India, Singapore in talks for changes in trade agreement

Our Bureau Kolkata | Updated on November 15, 2017 Published on January 10, 2012

The India-Singapore Comprehensive Economic Cooperation Agreement (CECA) would require some amendments, particularly in the area of mutual recognition of professional qualification in order to make it relevant to the present business relations between the two countries.

The India-Singapore CECA came into existence in August 2005 to facilitate trade and investment between the two countries, said Mr R Narayanamohan, chairman, board of directors, Singapore Indian Chamber of Commerce and Industry.

“There have not been many changes in the agreement over the last six years. So both the countries are in talks to bring certain amendments to the agreement (CECA),” Mr Narayanamohan told newspersons on the sidelines of the “India-Singapore: Exploring Business Synergies” event organised by the Confederation of Indian Industry here on Tuesday.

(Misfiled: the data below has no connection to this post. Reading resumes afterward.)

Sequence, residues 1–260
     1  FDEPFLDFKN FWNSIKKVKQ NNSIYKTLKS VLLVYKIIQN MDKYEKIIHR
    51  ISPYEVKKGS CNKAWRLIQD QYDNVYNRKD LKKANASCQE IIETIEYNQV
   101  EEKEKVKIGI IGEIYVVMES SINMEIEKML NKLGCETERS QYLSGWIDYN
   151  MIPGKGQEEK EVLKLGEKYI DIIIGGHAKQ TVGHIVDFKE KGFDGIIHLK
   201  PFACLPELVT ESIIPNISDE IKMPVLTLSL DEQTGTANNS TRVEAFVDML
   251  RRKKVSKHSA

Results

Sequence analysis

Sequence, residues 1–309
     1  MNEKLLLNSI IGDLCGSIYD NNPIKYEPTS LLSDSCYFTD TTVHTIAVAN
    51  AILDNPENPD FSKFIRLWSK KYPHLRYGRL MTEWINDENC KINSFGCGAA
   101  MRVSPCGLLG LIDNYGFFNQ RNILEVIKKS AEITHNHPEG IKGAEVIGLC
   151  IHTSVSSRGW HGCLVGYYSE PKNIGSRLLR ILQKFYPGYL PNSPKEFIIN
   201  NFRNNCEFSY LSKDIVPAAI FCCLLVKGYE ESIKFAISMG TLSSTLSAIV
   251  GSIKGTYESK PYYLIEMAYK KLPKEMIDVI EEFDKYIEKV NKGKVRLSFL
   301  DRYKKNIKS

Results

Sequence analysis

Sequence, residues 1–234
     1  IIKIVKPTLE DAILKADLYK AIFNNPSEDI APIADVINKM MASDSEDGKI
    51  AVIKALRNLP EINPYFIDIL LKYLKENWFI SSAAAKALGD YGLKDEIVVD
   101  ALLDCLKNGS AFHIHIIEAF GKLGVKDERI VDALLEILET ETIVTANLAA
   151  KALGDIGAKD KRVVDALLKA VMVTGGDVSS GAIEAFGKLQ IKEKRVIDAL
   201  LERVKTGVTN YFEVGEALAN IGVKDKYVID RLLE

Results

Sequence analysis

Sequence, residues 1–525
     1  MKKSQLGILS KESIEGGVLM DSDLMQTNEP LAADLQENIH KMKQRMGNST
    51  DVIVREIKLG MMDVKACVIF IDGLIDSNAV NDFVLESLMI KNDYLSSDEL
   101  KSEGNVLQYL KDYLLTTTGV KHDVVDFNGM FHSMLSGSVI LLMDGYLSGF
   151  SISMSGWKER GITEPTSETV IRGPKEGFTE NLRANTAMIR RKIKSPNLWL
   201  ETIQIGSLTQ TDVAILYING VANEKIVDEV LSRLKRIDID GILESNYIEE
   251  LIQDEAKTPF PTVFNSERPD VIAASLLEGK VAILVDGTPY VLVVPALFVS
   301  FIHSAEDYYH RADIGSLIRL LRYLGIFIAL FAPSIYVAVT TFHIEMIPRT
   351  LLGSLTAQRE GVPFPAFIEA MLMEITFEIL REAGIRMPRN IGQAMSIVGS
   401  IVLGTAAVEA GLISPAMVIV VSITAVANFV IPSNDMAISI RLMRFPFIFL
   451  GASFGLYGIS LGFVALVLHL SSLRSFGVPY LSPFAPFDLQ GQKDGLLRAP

These amendments, which are likely to come into force “shortly”, will help ensure easy flow of business, he said.

The bilateral trade between India and Singapore under the CECA was close to Singapore $30.5 billion (approximately Rs 1.24 lakh crore at current exchange rate) in 2010. Though the official figures for 2011 were yet to be out, Mr Narayanamohan said, that the bilateral trade could stand roughly at about Singapore $30-35 billion (approximately Rs 1.2-1.4 lakh crore at current exchange rate) in 2011.

“The trade between the two countries has been growing very well. However, the currency devaluation which took place in the latter half of 2011 might have had some impact on the growth figures,” he pointed out.

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Published on January 10, 2012
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